After the campsites managed by the Hong Kong government were closed for more than two years due to the Covid-19 pandemic, the authorities finally gave the green light for reopening this month.
Camping enthusiasts criticised the decision as “too late” and complained that he had to set up camp in non-country park areas or pay expensive prices to private campsites. They also expressed that Hong Kongers have a high demand for campsites due to the small living spaces they own.
Map: the 41 locations of country park campsites managed by the government.
In the government’s latest round of easing social distancing measures, it allowed citizens to camp at 41 country park sites managed by the Agriculture, Fisheries and Conservation Department starting on November 17.
The campsites were first shut down between March 28 and May 20 in 2020. They reopened briefly and were closed again on July 15 2020, and remained so until now.
Hiking enthusiasts could set up tents in private campsites. But due to the limited supply of non-public rest areas, many of them chose to camp in non-country park areas or even in some quiet corners of the country parks illegally. In a written inquiry, lawmaker Ben Chan challenged the authorities’ decision to reopen barbecue sites earlier this month but to keep the campsites shut and asked if authorities have a timeline in place for reopening the city’s campsites.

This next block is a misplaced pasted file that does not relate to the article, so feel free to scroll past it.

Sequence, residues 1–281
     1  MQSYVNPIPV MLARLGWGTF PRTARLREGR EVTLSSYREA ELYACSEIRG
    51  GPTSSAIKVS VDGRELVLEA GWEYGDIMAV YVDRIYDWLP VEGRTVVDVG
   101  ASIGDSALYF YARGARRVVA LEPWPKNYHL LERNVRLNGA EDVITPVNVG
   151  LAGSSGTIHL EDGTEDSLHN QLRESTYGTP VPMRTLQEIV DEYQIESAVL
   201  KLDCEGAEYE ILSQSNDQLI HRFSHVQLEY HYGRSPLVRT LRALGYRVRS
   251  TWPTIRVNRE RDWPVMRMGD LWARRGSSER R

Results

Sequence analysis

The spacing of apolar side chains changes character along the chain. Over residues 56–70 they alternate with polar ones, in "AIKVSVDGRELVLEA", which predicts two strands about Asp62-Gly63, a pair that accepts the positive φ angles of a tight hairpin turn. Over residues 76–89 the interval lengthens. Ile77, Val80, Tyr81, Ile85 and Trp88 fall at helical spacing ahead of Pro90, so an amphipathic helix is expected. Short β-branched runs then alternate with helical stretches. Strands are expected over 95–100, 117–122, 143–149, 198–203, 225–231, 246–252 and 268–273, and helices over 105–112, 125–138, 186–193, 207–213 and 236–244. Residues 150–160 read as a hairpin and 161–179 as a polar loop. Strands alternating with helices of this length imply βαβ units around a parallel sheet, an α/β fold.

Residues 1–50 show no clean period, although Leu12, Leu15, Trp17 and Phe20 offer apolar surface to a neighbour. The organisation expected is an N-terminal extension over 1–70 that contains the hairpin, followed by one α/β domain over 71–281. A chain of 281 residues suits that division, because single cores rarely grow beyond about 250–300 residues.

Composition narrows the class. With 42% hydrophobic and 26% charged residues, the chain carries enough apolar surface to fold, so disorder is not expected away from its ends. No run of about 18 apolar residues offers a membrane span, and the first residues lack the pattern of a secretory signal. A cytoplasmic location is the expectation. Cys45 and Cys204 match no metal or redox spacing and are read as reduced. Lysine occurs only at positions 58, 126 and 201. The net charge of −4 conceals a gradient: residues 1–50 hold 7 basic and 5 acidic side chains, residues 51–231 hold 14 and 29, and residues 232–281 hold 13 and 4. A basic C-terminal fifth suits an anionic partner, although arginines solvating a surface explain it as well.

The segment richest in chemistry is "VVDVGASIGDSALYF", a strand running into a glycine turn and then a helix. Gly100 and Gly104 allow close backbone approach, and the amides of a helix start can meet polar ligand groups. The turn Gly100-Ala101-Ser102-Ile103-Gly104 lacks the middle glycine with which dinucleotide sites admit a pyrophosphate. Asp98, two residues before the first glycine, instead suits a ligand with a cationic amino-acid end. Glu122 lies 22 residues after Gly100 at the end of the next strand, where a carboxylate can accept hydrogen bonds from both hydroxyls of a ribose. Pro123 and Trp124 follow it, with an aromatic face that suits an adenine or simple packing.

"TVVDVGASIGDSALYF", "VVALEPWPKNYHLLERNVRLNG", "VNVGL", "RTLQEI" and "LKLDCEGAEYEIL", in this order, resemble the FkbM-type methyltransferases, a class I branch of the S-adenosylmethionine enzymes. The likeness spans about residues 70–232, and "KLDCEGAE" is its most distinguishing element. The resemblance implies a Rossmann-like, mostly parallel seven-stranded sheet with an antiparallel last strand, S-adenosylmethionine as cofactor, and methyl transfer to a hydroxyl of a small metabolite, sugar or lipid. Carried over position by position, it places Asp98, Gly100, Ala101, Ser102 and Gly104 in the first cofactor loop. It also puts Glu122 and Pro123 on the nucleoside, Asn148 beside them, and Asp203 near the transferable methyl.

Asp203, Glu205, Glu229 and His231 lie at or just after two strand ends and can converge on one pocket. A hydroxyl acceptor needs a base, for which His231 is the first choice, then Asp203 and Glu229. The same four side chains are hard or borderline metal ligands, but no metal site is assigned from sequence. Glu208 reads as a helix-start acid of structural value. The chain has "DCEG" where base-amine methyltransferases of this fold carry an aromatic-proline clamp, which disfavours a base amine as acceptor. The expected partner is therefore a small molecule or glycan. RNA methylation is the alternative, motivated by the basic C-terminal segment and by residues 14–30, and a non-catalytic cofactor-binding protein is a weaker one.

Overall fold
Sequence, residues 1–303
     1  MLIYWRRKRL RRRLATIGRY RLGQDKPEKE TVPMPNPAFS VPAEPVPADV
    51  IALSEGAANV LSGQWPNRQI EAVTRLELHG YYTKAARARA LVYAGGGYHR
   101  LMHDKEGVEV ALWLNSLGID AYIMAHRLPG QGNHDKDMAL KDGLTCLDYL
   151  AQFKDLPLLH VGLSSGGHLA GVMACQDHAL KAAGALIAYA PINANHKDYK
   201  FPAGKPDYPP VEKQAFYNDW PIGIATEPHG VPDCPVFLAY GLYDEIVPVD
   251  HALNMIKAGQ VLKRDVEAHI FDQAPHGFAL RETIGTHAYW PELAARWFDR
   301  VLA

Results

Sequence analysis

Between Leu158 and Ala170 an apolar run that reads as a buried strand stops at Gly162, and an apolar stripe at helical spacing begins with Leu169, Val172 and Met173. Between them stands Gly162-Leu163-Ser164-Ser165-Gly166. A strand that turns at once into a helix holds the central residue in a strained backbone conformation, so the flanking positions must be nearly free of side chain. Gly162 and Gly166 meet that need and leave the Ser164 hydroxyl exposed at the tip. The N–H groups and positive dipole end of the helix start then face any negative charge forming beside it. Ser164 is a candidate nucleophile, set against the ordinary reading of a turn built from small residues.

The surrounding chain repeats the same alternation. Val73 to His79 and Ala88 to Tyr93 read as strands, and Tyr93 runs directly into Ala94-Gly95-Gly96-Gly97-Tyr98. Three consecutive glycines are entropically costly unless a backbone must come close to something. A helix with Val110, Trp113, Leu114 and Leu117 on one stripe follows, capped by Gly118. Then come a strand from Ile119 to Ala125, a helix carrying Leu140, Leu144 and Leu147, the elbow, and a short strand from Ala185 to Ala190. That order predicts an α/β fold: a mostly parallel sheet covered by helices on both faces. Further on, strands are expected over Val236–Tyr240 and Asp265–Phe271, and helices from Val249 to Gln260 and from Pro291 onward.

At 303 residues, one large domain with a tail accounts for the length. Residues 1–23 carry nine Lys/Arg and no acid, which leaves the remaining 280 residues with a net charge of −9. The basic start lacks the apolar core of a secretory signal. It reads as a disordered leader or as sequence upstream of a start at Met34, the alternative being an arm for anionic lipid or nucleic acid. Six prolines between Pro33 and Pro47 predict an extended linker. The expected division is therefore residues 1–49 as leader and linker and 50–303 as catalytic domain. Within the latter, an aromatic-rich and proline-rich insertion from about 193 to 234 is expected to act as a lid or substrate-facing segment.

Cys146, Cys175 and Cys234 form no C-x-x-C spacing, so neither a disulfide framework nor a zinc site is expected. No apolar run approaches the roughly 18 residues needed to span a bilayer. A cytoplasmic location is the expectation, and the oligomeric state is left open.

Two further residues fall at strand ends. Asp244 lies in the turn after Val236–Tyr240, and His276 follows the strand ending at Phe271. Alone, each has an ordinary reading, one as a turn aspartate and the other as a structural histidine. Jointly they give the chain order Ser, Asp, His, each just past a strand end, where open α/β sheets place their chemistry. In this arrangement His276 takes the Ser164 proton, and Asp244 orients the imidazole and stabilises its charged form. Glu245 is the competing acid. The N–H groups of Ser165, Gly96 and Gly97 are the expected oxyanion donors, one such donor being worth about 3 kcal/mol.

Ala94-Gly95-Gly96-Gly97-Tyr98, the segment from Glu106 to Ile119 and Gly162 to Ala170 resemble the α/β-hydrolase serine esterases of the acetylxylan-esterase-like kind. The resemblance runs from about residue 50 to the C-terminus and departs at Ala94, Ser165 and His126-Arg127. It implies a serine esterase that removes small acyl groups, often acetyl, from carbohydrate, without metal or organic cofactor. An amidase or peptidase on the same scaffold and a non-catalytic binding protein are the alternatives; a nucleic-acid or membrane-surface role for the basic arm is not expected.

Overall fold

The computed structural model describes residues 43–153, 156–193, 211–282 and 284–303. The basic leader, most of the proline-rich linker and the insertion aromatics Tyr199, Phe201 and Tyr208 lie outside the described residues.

In the first three quarters of 2022, the agriculture department issued 146 warnings against illegal camping, the highest number compared to annual totals recorded since 2017.
On the first weekend of the campsite reopening, a lot of colorful tents could be seen in different country parks. Some parents brought their children to get outdoors, while some young couples came to spend intimate time.
Mr. Leung, one of the campers, has started camping since he was a teenager. He emphasized the need for public campsites since many residents live in crowded flats, where they do not have enough private space.
I am living with my family. But sometimes I just want to have some me time. That’s why I love camping.
With a folding chair, light, and some cooking equipment, Leung prepared to cook steak for himself after the sun had set. He told Shroffed that the campsite in Hok Tau today was quite full and criticized the government’s reopening policy “too late”.
“The only good thing about it is that the grass got a chance to rest. You could see them green and growing. A few years ago, the grass area decreased a lot due to human activities.”
Feature image by Dawna Fung